It was immediately followed by another funny moment when Jadis, the Garbage leader, asks Michonne if Rick is hers. Michonne notes they're together. Jadis: "I lay with him after. You care?" The confounded looks by both Rich and Michonne at this are priceless.
 They're also an example of some other long-running TWD nonsense. Killing well-established characters that have developed a fan following is risky business in television. Until this season, TWD has always avoided those risks. The usual practice for well-established characters marked for death is to demonize them so that viewers weren't so sad to see them go. This season, the creators showed some backbone on this point for the first time by liquidating Glenn without first making a jerk or villain of him. And their ratings crashed--probably won't ever be any more of that. TWD's redshirts, on the other hand, are always expendable, and this is the category into which Sasha fell. The redshirts are kept sketchy and ill-defined until they're about to be destroyed, at which point they're suddenly thrust into the spotlight, given something to do at the last minute to try to make audiences care about them so that their death can have some impact. Just not much impact. Enough to milk for soap melodrama and/or shock effect.
 Like some of the plotting in this ep, this was done for no other reason than to have all of those characters present when Negan appears.
 This, like so much else that happens, is a culmination of absurdly fortuitous coincidences. When Eugene gave her the poison, he couldn't tell her exactly how long it would take or even if it would work at all but for everything to play out as it did, the poison had to kill her and in less time than the drive to the Safe Zone, no one could check on Sasha while she was in the coffin (which becomes even more ridiculous when the convoy is stopped by trees over the road and everyone has to wait until its cleared) and she has to have time to reanimate--something that can take minutes to hours--before Negan opens the coffin.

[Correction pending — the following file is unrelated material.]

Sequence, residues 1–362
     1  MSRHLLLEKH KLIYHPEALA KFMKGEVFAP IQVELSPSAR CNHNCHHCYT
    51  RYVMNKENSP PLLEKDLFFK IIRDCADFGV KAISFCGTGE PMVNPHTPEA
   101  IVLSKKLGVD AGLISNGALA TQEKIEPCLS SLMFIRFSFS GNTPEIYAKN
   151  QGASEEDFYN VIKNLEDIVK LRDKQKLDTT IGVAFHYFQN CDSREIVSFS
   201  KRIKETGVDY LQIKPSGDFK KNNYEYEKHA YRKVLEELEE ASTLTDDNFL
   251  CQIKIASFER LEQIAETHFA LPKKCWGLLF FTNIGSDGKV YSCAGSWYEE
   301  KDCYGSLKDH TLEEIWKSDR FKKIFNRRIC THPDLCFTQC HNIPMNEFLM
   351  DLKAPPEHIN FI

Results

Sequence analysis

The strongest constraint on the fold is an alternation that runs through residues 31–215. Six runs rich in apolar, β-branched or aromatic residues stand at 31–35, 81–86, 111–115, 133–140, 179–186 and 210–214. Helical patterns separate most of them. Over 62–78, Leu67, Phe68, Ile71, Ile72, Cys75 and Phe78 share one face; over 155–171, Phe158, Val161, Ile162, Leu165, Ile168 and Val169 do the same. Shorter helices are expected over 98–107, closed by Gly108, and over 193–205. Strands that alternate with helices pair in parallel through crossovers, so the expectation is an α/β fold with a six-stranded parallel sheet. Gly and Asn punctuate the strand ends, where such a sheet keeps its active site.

One need only imagine how much better this would have played if, when Negan was pronouncing sentence on Rick, Rick told him he had a little surprise for him and then these forces, acting as part of a coordinated Rick back-up plan of which the viewer was unaware, appeared and mopped up the villains. Instead, the writers go with a deus ex machina and Ezekiel gets to lead the charge.
 As of tonight, Gregory has finally gone to the Savior compound to tell Simon about Maggie and her scheming, something the show has been absolutely plodding in putting in motion. In my article last week, I made a joke that at this pace, Gregory "should get there by about the fourth ep of the next season." Tonight's ep acknowledged Gregory had departed; we'll have to see when he turns up at the Sanctuary. Another subplot on which a great deal of time was spent but that didn't go anywhere.
Unrelated Musical Interlude Dept. - This is the latest audio concoction by my friend Sarah Cummings (who is a goddamn awesome singer) and her brother. They're looking to get some attention for it. Check it out. And if you like it and are of a mind, pass it around: